Genetics B.S./Genetics M.S. (non-thesis)

The field of genetics has taken on much broader importance in clinical and other professional settings. For example, personal genomics has become well established in oncology and will likely be widely available in clinical settings soon. The broad application of genetic technologies will likely spur the need for workers with advanced skills in this field. The department recognizes the growing importance of these opportunities and believe there is unmet demand for the kind of training that will prepare our students to pursue these new career paths. Although we recognize the importance of training students to do research, we recognize that there are many more career paths now, or soon to be, available to students with advanced knowledge of genetics that can be obtained through graduate-level coursework.

In addition, one traditional career path for genetics students is work as a technician in the biomedical and pharmaceutical industries. A non-thesis M.S. may or may not guarantee a job as a technician in the biotech industry, but having a non-thesis M.S. may result in higher starting salaries for students who obtain those jobs.

Admission to Program

After completing 60 hours of undergraduate coursework (Summer of year two), including both GENE 3000 and GENE 3200, students will apply to the Pathway and be allowed to take the 4 graduate courses prior to formal admission to the M.S. program.

Students need to have at minimum a 3.2 GPA for admission to the Pathway.

Curriculum

Graduate-level courses that may be used to satisfy undergraduate and graduate program requirements.

GENE 6000 and GENE 6200 form the core required graduate courses that can be used to satisfy undergraduate program requirements.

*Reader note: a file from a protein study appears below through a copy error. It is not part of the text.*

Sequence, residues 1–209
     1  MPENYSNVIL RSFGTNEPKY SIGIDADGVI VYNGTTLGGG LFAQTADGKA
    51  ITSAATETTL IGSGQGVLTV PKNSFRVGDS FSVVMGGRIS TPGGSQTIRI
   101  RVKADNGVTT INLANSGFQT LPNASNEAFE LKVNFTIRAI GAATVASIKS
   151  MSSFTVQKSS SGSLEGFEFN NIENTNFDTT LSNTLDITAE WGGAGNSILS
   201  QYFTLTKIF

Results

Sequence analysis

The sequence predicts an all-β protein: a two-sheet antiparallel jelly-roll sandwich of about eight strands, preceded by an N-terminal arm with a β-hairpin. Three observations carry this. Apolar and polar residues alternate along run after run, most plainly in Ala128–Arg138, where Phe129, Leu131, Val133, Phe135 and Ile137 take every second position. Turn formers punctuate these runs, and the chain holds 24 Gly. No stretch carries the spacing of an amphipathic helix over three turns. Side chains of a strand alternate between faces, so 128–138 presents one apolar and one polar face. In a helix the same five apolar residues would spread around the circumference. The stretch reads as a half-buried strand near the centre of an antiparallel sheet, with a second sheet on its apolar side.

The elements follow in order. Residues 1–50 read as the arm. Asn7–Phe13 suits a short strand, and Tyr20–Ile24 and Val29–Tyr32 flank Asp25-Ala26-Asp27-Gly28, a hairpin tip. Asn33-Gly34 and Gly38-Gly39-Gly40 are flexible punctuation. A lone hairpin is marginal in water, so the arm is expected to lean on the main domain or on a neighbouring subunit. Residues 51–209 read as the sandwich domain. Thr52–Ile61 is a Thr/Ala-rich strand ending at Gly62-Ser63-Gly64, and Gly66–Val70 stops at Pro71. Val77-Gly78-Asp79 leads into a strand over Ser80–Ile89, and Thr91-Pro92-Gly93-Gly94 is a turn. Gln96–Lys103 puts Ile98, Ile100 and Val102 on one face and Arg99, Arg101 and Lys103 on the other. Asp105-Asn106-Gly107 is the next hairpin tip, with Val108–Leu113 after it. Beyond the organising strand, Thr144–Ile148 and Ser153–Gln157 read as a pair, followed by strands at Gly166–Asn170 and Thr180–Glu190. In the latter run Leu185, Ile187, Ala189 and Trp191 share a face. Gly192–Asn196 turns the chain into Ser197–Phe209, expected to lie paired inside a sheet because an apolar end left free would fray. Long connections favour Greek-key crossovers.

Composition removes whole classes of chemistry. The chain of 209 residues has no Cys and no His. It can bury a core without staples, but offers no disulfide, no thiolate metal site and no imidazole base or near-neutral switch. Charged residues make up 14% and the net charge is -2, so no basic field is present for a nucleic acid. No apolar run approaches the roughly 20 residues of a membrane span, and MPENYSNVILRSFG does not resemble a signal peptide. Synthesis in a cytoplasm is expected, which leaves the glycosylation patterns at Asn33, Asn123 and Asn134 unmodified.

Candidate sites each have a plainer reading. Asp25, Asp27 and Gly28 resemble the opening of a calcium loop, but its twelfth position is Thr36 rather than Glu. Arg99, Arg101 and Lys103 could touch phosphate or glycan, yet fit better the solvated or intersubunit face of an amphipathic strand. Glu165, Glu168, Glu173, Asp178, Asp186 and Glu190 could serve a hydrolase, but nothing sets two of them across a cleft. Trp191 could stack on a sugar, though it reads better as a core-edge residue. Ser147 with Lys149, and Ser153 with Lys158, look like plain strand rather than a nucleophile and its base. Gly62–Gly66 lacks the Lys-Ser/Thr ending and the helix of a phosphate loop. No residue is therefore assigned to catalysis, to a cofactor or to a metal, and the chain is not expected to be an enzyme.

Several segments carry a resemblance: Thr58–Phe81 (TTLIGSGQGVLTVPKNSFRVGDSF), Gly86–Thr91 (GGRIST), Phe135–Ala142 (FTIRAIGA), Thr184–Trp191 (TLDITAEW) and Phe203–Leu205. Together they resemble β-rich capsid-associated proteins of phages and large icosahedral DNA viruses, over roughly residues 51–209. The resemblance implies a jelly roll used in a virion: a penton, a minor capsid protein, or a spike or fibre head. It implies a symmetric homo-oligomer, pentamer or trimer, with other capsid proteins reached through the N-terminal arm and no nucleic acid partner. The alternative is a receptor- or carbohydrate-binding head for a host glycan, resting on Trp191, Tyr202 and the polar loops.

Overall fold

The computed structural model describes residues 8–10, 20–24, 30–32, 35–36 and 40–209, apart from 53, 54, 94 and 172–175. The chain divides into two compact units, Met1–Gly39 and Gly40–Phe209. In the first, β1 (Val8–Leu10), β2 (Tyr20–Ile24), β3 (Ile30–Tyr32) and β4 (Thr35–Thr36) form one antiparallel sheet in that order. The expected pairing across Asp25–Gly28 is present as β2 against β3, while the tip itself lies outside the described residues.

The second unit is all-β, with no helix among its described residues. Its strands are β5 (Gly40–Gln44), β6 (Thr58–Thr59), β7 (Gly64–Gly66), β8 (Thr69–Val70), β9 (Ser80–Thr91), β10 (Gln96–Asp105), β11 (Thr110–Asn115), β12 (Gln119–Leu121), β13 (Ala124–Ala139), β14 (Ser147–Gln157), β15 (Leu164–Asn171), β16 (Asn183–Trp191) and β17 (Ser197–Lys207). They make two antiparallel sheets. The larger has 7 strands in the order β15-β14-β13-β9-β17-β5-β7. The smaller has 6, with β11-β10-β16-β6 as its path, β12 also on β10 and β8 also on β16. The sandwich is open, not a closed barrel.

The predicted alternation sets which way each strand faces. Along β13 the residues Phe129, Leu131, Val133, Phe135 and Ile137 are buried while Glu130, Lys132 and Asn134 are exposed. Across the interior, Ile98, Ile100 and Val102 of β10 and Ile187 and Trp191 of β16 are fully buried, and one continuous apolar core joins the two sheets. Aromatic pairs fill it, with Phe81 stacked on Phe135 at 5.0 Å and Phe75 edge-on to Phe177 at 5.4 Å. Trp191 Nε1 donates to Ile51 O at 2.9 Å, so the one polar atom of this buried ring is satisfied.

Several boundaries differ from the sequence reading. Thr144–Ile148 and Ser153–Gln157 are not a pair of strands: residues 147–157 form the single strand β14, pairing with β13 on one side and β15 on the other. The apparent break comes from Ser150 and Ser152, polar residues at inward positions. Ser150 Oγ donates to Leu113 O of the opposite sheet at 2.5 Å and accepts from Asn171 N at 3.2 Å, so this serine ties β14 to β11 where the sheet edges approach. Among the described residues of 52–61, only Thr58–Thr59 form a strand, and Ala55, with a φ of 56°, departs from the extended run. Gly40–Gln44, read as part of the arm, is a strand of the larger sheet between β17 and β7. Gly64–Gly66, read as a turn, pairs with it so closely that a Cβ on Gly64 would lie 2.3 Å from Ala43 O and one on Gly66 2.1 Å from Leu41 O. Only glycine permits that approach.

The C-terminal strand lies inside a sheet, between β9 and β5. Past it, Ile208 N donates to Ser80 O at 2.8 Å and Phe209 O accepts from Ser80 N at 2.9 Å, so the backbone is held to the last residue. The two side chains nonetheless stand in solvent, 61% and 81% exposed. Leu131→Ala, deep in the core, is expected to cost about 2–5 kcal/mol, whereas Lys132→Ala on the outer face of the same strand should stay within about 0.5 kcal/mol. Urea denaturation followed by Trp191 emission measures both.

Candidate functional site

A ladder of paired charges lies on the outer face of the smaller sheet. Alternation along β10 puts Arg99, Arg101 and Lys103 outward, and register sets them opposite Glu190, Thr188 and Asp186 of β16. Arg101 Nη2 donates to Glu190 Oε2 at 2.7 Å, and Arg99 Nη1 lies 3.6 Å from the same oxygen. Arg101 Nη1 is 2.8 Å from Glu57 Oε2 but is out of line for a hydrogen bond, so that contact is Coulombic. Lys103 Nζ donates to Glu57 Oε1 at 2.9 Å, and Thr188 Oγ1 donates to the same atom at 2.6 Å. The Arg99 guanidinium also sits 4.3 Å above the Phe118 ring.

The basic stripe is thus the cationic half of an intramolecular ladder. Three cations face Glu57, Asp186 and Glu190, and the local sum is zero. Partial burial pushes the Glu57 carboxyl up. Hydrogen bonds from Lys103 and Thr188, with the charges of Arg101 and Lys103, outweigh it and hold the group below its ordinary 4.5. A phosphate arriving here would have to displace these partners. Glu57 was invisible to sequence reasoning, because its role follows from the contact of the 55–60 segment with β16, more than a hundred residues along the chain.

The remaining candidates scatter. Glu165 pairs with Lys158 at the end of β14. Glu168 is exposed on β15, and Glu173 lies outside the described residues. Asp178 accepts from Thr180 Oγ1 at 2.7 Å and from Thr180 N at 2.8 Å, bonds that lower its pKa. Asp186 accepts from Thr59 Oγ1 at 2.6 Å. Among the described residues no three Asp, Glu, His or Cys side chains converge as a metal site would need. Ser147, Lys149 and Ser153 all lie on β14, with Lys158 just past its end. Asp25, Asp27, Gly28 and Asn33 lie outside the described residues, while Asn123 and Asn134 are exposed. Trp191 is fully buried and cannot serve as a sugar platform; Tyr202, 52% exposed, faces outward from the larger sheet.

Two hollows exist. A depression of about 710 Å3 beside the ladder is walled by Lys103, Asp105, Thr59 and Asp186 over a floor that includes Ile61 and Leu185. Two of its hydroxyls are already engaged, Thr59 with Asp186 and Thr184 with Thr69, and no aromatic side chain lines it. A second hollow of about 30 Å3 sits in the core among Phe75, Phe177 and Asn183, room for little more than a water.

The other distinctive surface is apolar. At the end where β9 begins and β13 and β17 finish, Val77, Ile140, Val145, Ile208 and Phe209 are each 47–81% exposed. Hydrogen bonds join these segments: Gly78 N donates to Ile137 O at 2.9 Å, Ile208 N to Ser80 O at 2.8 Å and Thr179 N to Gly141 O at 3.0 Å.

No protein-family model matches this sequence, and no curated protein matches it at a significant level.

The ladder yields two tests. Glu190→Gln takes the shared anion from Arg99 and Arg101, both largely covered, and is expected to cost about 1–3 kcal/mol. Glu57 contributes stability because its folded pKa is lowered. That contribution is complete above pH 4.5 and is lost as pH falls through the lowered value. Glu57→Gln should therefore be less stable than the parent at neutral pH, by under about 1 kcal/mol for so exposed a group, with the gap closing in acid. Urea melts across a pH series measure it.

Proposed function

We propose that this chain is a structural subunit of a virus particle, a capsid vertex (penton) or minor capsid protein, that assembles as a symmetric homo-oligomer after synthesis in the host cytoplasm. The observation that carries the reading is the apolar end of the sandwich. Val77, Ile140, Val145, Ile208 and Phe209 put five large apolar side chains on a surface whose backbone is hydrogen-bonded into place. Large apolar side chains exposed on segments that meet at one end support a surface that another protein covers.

In addition, any 2 GENE courses at the 6000-8000 level can be used to satisfy undergraduate program requirements. Students may substitute one 6000-level course listed in the Group II electives for the undergraduate B.S. for a GENE 6000-level course.

Additional requirements that are unique to this Double Dawgs program:

Students must take either (GENE 8150 and 8150L) or (GENE 8920 or GENE 8930). Graduate electives can be selected from any appropriate course at the 6000-8000 level, chosen in consultation with the graduate adviser and approved by the graduate adviser.

Students must enroll in GENE 7100 and pass a comprehensive examination in the spring of the final year.

Admission to Graduate Program

Students will formally apply to the M.S. program in the Fall of year four.
After completing 90 hours of undergraduate coursework, students will formally apply to the M.S. program.
• Students need to have a 3.2 GPA to apply to the M.S. program.
• Students will require letters from 2 Genetics faculty supporting admission to the M.S. program.
• Students must complete all graduate courses and successfully pass a comprehensive examination in the spring of the final year before they can obtain the M.S.

Program Advisor

  • Name: Mary Bedell
  • Email: bedell@uga.edu
  • Phone: 706-542-0288
  • Address: C110 Davison Life Sciences

Undergraduate Major Information

  • Major: Genetics B.S.
  • Department/College: Genetics

Advising Contact

  • Name: Mary Bedell
  • Email: bedell@uga.edu
  • Phone: 706-542-0288
  • Address: C110 Davison Life Sciences

Graduate Major Information

  • Major: Genetics M.S.
  • Department/College: Genetics

Advising Contact

  • Name: Kelly Dyer
  • Email: kdyer@uga.edu
  • Phone: 706-542-3154
  • Address: C228 Davison Life Sciences